16 Gathering together

Every six months, the fellowship comes together in person for a working week to share ideas, ask for help, build bonds and find common ground in the work we all do separately. It is an environment of openness and trust, with consent, respect and care central to its design. Each Gathering is a microcosm of the way the fellowship works all year round; a support system designed for and with the fellows.

All Foundation staff and current fellows participate, with past fellows attending as their schedules allow. Every Gathering takes on a life of its own, but the one constant is that all participants are equal in the room. By removing hierarchy, partnership is created and shared between everyone, with the whole community acting in service to each other.

The Gathering is not for creating a work product, nor is it for bragging about accomplishments. Everyone brings and shares expertise, experience and wisdom, and takes away new ideas, reflections and different perspectives. It is a place for personal and professional rejuvenation within a network of like-minded and generous colleagues. Gifts are exchanged, friendships are renewed and stories are shared; laughter and catharsis are experienced in equal measure.

There are a few basic rules (see the full list later in the book): everyone who takes part must commit for the whole week, be fully present for every session and engage with every attendee. To allow the group to fully focus on each other, no families, co-workers or guests attend. For deeper relationships to develop and grow, the participants are shielded as much as possible from the complexities of work and life outside the Gathering.

Each participant offers a unique perspective. Some bring past experiences of the fellowship and reflections on life post-funding and share their insights to help current fellows along their own paths. New fellows bring stories from lives outside the Shuttleworth Foundation community, and add a new dimension to our thinking.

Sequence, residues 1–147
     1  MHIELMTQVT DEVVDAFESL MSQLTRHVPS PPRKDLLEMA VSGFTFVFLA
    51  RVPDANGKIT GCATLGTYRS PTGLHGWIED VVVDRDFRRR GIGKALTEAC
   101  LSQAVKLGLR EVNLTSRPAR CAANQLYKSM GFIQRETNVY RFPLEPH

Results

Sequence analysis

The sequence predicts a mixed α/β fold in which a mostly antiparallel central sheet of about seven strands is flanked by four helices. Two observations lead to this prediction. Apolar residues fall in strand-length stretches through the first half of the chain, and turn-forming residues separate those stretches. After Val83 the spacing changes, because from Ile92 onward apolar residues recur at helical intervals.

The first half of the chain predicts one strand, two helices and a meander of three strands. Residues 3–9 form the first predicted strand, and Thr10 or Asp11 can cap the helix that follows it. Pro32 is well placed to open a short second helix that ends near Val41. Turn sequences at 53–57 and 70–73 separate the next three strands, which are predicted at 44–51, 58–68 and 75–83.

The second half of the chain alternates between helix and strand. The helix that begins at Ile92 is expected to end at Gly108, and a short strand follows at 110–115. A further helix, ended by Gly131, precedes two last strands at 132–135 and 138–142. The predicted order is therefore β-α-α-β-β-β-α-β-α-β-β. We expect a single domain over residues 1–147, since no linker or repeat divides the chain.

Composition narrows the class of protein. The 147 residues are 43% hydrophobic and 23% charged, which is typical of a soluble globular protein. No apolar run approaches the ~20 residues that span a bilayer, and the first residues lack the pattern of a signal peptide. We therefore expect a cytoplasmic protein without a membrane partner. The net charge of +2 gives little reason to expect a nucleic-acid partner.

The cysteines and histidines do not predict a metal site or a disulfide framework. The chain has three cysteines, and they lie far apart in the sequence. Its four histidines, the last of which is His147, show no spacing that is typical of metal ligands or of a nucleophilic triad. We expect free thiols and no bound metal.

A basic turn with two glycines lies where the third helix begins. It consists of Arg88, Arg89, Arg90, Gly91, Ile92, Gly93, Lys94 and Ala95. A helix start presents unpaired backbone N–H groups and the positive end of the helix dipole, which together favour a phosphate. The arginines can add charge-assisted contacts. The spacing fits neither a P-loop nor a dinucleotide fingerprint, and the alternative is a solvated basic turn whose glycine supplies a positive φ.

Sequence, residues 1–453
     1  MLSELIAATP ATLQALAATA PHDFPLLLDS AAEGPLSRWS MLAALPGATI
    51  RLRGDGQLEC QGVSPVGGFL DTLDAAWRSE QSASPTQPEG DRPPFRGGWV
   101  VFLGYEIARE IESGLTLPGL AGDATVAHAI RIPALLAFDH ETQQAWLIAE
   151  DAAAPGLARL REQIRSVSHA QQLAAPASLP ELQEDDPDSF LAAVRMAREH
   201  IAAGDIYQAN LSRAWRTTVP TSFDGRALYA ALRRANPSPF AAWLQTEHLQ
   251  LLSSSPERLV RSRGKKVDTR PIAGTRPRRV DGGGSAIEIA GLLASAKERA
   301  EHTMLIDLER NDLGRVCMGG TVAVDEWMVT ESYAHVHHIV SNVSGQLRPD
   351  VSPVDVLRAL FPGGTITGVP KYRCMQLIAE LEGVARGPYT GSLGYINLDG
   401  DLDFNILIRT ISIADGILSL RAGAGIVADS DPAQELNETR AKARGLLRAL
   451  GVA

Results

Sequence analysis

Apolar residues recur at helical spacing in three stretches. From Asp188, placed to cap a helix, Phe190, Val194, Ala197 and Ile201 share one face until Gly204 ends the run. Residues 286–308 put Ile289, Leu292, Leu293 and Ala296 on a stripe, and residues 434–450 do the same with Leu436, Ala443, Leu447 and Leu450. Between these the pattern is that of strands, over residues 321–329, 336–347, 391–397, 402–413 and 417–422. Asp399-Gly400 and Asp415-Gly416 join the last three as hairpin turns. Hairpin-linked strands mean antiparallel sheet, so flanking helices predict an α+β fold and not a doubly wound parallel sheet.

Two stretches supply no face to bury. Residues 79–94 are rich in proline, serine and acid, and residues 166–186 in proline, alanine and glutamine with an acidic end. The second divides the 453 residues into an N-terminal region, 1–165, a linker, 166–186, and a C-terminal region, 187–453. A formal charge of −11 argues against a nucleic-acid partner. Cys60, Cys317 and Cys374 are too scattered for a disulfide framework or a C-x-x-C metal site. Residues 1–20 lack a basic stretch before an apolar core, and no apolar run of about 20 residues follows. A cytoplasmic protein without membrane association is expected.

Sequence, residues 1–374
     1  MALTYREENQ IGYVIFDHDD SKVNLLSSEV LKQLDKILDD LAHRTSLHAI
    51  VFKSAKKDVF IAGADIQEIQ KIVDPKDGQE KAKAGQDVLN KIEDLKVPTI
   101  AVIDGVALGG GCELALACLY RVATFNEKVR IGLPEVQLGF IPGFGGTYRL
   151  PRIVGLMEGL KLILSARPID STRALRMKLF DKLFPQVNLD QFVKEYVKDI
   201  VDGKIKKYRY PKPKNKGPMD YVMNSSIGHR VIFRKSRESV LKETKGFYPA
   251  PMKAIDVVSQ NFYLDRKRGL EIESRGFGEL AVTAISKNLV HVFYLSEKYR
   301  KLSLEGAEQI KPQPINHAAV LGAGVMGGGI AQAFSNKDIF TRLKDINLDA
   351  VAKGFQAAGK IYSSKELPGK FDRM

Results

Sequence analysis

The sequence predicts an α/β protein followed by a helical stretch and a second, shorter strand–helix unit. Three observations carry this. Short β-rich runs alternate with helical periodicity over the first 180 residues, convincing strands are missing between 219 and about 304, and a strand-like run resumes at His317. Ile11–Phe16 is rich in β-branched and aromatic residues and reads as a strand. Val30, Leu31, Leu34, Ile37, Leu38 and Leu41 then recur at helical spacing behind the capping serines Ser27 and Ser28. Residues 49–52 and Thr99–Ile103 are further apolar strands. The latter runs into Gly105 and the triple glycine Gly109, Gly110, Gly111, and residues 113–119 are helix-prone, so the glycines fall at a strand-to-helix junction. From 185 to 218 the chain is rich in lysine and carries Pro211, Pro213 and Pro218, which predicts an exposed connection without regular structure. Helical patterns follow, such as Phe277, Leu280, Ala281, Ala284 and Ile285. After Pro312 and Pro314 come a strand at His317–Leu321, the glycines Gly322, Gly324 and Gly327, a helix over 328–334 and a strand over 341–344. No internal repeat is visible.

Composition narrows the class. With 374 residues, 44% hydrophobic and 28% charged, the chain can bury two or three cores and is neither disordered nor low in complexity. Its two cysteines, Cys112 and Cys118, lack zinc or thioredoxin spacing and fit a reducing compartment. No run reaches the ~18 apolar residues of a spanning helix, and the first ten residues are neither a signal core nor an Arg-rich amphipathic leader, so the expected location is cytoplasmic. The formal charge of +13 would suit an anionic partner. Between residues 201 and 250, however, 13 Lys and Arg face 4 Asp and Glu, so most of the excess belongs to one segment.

It took a long time to find the current format. When the fellowship evolved from a residential programme to one that was virtual and distributed, it felt like something had been lost. In an attempt to recreate the residential camaraderie, the decision was made to bring everyone together, in person, for two days. The first Gathering.

It was a small group, some of whom already knew each other and worked in the same fields. Yet there was clear value in being together, and this was vital to building true fellowship. As new fellows joined remotely from all corners of the world, the face-to-face time became more engaging and increasingly pivotal to establishing real community. Eventually, the fellowship incorporated two week-long Gatherings per year, with all fellows attending.

But the evolution and format changes didn’t stop there.

The Boston “me” party

In May 2013, the MIT Media Lab offered to host us in Boston. This was our seventh Gathering, and the inspirational location and compelling schedule promised much. But the reality left us cold.